Asteroid Pallas in Pisces: Intuitive Muse or Master Manipulator?

March 4, 2021

Pallas in Pisces Dates:

March 7, 2021 to February 14, 2022

On March 7, the asteroid Pallas leaves Aquarius and enters spiritual and compassionate Pisces. Discovered in 1802, and named for the Greek goddess of wisdom, Pallas is the third largest asteroid in the asteroid belt, which lies between Mars and Jupiter, helping to bridge the consciousness of the personal and the social planets. Its astrological interpretation by sign and house speaks to how we employ strategy, artisanal wisdom, and creative intelligence—and to what ends.

We might as well get this out of the way first: Pallas’ mythology—much like the mythology of many of her pantheon counterparts—is problematic at best in the modern context. Known for her chastity, virtue, and ability to not only pass, but to triumph in traditionally masculine dynamics, Pallas doles out justice and wise judgement. But whose definition of wisdom, exactly, is she championing on the battlefield and at home?    

Springing fully formed and in armor, from the head of her father Zeus, Pallas is both the literal (as in offspring) and the conceptual (originating from the head) personification of her forefathers’ conscience, denoting gifts of strategy and knowledge that are generational. Thus, Pallas is affiliated with the patriarchy, and the battles she wages and the victories she attains are done in the name of the greater societal good—as defined by patriarchal values. This is not to say that she didn’t occasionally harbor personal vendettas. Because she is considered the pinnacle of moral and physical purity, there are myths to Pallas’ name where the justice she exacts is far more punitive for mortal women, who are held to chaste standards and disciplined for their role in seducing or “corrupting” mortal men or even gods.  

In contemporary interpretation, Pallas’ transits can show us where we align with patrilineal notions of what it means to be wise. This suggests our capacity to carry forth a considerable legacy of craft and artfulness, but also demonstrates where we risk falling into black-or-white thinking, and where we either excel or fall short of, recognizing nuance. Pallas can illustrate where inherited values ingratiate us to authority figures, elders, and superiors, who expect us to fight for the status quo. Most importantly, Pallas defines where we risk limiting ourselves, fighting others’ battles under the guise that we are self-actualizing.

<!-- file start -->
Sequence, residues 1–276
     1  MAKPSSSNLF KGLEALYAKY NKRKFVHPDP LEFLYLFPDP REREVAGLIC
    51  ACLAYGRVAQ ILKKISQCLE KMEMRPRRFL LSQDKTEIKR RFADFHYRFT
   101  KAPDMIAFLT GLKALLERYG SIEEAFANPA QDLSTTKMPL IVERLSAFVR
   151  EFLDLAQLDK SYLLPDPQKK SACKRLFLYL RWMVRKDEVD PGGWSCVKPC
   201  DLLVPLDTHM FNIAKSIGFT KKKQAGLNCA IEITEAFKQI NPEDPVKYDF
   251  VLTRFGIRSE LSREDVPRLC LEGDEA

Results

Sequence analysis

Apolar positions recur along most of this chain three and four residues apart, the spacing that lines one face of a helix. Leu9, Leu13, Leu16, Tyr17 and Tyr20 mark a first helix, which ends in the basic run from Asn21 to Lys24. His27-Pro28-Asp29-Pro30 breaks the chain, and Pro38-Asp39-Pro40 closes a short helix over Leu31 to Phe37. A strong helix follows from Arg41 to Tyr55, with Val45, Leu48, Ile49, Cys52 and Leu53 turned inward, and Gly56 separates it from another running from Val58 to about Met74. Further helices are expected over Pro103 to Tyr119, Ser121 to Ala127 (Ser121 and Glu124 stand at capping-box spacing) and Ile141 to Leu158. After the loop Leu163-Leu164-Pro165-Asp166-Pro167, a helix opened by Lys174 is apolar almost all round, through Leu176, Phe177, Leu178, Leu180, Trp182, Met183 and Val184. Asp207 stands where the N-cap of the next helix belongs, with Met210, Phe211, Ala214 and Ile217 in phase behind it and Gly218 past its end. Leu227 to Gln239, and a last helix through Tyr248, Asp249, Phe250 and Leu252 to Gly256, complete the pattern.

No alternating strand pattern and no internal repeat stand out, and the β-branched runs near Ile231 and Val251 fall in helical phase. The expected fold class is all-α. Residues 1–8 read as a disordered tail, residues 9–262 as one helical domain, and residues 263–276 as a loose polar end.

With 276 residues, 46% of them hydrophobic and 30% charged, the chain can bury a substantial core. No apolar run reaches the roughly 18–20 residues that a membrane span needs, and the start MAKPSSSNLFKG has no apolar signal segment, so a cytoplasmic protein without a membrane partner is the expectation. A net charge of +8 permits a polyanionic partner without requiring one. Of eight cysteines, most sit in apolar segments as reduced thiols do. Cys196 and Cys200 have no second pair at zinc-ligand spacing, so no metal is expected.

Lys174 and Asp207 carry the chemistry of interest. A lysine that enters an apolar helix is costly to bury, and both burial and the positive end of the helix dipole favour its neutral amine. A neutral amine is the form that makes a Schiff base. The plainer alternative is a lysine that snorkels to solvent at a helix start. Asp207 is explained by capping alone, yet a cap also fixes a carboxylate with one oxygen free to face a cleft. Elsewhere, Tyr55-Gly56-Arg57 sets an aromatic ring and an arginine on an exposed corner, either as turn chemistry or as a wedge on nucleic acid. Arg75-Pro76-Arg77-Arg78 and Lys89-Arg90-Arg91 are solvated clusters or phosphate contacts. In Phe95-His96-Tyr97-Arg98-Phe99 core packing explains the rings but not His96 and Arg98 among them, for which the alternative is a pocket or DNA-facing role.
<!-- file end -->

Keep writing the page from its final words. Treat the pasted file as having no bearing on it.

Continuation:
Regardless of our gender, Pallas’ shadow is our own inner “cool girl,” the side of our personality seeking to fit the architecture of cultural norms that predate us. Pallas’ gift arrives when we discard the language “I’m not like other girls” in favor of “I am like other girls,” using emotional intelligence to rewrite our participation in dominant narratives; and in so, empowering the collective by acting as a protector of the people, not a middleman of those in authority.

As Pallas enters nebulous Pisces, our fighting style, and the way we use strategy, shifts dramatically. Liminality is not the traditional battlefield for Pallas, but the warrior-goddess does know how to change her shape, and so here our tactics become exercises in weaving fantasy.